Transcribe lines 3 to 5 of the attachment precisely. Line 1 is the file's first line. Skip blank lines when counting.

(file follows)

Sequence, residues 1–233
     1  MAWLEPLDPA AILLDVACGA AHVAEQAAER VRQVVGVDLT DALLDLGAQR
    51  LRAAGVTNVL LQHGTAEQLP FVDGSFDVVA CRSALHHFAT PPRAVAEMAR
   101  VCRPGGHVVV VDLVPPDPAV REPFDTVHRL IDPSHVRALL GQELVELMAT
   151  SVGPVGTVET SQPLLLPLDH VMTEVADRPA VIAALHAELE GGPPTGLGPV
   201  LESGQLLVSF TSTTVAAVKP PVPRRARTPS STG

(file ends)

    51  LRAAGVTNVL LQHGTAEQLP FVDGSFDVVA CRSALHHFAT PPRAVAEMAR
   101  VCRPGGHVVV VDLVPPDPAV REPFDTVHRL IDPSHVRALL GQELVELMAT
   151  SVGPVGTVET SQPLLLPLDH VMTEVADRPA VIAALHAELE GGPPTGLGPV